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Clin Exp Reprod Med > Volume 47(4); 2020 > Article
Lim: Autophagy in the uterine vessel microenvironment: Balancing vasoactive factors

Abstract

Autophagy, which has the literal meaning of self-eating, is a cellular catabolic process executed by arrays of conserved proteins in eukaryotes. Autophagy is dynamically ongoing at a basal level, presumably in all cells, and often carries out distinct functions depending on the cell type. Therefore, although a set of common genes and proteins is involved in this process, the outcome of autophagic activation or deficit requires scrutiny regarding how it affects cells in a specific pathophysiological context. The uterus is a complex organ that carries out multiple tasks under the influence of cyclic changes of ovarian steroid hormones. Several major populations of cells are present in the uterus, and the interactions among them drive complex physiological tasks. Mouse models with autophagic deficits in the uterus are very limited, but provide an initial glimpse at how autophagy plays a distinct role in different uterine tissues. Herein, we review recent research findings on the role of autophagy in the uterine mesenchyme in mouse models.

Introduction

The uterus is composed of multiple cell types that respond distinctively to hormones and growth factors [1]. The epithelial lining, the innermost layer facing the lumen, is where the embryo attaches for implantation. The underlying stroma contains a sparse population of fibroblasts that secrete extracellular matrix proteins to fill the space among blood vessels and lymphatic vessels. The stroma contains numerous capillaries and spiral arteries, as well as diverse types of leukocytes, in the deep regions. The outermost layer, the myometrium, consists of smooth muscle cells; the uterine length and diameter can be regulated by coordinated actions of longitudinal and circular layers of smooth muscle cells. The uterine capillaries are surrounded by a single endothelial layer, similar to other capillaries found throughout the body, but larger vessels found in deep stromal regions and the myometrium are also surrounded by vascular mural cells (i.e., smooth muscle cells and pericytes). Blood flow to the uterus and vascular permeability are thought to be regulated by ovarian steroid hormones and vasoactive factors [2].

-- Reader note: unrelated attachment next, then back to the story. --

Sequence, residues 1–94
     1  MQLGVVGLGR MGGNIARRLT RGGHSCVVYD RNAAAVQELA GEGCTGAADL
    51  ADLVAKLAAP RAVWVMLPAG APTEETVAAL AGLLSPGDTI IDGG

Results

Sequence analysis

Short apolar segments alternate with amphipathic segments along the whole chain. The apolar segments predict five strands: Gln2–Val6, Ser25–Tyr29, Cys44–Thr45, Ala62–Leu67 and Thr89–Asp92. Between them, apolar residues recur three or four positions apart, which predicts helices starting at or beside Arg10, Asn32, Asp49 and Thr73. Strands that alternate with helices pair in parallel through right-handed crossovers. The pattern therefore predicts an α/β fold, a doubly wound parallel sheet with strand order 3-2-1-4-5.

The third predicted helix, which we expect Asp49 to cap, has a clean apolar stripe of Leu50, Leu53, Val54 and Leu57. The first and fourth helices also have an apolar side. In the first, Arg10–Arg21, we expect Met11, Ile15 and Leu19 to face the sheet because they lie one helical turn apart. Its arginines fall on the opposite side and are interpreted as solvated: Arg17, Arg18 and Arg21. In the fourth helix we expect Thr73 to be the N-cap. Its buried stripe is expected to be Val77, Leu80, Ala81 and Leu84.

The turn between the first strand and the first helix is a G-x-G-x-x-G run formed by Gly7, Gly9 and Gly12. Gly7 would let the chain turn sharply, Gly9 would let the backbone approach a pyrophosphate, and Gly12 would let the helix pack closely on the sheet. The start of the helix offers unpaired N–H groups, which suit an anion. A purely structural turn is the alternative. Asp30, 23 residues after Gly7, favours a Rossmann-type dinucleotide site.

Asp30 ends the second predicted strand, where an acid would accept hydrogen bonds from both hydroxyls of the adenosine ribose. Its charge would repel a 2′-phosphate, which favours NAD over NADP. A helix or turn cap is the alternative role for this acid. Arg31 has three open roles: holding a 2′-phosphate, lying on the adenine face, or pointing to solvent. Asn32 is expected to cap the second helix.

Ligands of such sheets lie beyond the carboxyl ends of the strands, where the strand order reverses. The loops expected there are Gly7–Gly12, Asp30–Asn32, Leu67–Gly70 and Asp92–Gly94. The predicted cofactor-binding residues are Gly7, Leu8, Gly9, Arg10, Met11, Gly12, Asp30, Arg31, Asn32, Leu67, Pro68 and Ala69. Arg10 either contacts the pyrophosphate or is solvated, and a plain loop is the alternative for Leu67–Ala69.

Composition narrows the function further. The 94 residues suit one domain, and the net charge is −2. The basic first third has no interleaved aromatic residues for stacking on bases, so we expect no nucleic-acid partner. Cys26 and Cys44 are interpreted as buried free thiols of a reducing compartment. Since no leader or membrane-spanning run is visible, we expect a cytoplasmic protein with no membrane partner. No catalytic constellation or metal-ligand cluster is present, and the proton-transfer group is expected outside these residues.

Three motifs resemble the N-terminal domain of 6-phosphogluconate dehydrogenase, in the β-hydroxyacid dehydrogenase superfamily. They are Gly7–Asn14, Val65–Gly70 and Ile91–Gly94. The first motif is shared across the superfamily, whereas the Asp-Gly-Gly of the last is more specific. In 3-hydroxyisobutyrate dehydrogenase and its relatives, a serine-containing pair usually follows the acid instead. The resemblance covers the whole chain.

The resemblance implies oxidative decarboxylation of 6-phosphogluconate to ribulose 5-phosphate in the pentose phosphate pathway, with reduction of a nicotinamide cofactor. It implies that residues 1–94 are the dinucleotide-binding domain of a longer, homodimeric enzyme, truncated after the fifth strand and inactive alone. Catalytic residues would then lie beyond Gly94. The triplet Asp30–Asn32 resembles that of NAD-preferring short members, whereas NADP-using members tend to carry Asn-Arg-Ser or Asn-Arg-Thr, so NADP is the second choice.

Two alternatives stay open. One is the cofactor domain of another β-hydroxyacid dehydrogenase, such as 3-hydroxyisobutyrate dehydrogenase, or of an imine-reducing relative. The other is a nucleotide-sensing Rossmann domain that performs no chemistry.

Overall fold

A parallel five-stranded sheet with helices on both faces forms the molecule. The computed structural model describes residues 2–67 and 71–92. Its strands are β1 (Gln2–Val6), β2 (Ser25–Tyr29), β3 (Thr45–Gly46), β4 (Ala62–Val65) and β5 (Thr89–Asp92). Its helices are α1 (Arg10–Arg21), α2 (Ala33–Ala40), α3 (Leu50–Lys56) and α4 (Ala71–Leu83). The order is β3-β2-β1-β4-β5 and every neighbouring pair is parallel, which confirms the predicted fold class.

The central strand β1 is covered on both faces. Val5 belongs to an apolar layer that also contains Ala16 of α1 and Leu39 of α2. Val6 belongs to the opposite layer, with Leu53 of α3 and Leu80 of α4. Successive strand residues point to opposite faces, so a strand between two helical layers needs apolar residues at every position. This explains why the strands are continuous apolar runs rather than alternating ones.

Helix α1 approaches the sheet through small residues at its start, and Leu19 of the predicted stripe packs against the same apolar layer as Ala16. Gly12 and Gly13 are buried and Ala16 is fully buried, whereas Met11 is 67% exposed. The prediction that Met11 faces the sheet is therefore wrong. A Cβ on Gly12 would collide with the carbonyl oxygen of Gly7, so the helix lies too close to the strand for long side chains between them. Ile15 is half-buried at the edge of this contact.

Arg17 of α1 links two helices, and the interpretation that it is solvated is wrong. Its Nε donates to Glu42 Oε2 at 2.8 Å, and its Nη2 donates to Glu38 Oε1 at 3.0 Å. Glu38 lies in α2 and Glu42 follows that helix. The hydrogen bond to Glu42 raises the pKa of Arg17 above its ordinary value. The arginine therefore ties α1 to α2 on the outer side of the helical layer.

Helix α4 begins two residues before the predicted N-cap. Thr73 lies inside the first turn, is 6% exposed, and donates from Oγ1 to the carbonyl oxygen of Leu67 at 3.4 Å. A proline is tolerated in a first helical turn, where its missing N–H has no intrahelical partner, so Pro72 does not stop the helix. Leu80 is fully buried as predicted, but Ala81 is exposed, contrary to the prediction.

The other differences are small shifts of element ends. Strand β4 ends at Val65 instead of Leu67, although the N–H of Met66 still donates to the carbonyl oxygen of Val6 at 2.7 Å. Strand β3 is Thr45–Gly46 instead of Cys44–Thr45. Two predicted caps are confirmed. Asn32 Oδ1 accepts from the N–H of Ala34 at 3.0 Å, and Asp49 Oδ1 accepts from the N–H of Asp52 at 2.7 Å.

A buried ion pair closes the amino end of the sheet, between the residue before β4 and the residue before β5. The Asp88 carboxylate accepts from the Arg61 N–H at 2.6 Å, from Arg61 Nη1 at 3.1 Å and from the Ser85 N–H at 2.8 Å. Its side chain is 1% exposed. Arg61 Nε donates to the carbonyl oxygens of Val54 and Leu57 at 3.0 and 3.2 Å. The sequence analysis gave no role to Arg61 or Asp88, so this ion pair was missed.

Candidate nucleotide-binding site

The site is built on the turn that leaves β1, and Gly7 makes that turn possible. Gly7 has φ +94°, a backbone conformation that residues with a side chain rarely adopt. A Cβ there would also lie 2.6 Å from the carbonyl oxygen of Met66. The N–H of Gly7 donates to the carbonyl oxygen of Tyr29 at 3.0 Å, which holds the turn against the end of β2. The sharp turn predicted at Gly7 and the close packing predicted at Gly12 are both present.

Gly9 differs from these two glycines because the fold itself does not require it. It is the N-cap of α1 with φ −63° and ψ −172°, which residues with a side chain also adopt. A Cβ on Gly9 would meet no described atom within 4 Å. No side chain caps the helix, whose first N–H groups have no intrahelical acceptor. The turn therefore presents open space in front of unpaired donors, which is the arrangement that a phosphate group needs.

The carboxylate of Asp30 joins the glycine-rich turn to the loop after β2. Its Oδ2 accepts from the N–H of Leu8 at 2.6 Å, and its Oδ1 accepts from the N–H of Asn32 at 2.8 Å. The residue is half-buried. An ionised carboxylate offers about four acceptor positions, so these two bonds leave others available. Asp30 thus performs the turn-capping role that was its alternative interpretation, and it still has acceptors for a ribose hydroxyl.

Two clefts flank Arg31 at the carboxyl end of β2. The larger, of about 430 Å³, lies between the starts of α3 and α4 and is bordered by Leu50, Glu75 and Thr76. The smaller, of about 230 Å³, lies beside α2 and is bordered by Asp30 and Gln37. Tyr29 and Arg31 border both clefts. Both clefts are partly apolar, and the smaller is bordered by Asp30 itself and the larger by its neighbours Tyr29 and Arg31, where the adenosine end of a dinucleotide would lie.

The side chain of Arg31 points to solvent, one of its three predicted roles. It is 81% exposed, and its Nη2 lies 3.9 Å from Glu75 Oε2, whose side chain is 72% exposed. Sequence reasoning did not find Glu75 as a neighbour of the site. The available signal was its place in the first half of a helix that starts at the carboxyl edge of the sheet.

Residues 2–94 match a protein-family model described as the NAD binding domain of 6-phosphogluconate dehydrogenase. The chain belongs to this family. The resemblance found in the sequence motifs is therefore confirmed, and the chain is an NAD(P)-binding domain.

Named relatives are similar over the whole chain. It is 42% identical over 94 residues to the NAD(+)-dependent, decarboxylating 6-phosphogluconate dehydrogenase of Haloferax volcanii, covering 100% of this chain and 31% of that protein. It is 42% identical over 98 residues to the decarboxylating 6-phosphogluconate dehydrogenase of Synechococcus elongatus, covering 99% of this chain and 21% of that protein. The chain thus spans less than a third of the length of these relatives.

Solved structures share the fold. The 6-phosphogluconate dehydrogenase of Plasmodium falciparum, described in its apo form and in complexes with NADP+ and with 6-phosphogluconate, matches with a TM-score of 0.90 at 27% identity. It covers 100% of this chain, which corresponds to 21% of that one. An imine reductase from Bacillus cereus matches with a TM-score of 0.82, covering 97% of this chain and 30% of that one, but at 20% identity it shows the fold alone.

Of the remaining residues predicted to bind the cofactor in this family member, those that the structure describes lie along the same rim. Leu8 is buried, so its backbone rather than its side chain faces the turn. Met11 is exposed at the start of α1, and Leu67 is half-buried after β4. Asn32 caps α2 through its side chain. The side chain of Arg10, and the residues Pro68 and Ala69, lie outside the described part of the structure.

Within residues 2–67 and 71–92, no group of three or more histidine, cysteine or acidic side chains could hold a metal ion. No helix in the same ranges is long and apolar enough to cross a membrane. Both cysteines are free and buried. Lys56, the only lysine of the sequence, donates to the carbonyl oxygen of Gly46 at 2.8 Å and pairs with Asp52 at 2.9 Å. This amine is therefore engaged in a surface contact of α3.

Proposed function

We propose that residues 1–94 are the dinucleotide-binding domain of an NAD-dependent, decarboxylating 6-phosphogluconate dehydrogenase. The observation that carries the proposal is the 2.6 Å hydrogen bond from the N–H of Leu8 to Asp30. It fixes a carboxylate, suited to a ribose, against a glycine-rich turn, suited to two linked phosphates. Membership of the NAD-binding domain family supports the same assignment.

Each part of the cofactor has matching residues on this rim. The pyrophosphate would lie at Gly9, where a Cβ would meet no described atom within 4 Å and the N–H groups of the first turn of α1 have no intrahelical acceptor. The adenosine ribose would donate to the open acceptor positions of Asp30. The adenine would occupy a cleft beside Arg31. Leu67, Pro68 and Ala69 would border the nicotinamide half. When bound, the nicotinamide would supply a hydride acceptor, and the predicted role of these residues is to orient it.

As a dynamic organ that responds to cyclic changes of the reproductive cycle and pregnancy, the uterus experiences tissue remodeling occurring at regular intervals. The uterus also ages with waning levels of steroid hormones depending on the species. Multiple female-specific pathologic conditions involving the uterus exist that are related or unrelated to pregnancy [3]. Its collective complexity makes the uterus a difficult-to-study organ system in gene-deletion studies. In this review, I attempt to present the possible outcomes of autophagic deficit in uterine tissue-specific mouse models based on previous studies and unpublished observations.

Autophagic process in brief

Three types of autophagic processes exist; microautophagy, macroautophagy, and chaperone-mediated autophagy [4]. Macroautophagy, the main bulk degradation pathway involved in turning over macromolecules and organelles, will hereafter be referred to as autophagy. The autophagic process is governed by proteins encoded by autophagy-related (Atg) genes, along with other associated factors [5]. The process begins with the formation of a horseshoe-shaped stretch of membrane near a target within the cytoplasm. This membrane grows with the addition of lipids from various subcellular sources until the two ends meet to form a closed vesicle called an autophagosome [6]. Initially, the contents within the autophagosome and double membrane structure are visible at the ultrastructure level [7]. Next, the autophagosome fuses with other vesicular structures such as endosomes or lysosomes. As degradation of the intravesicular contents begins, the double membrane structure and targets are no longer clearly visible. Therefore, it is customary to examine the ultrastructure of cells when attempting to demonstrate autophagic activation. This is considered the most direct evidence of autophagy [8].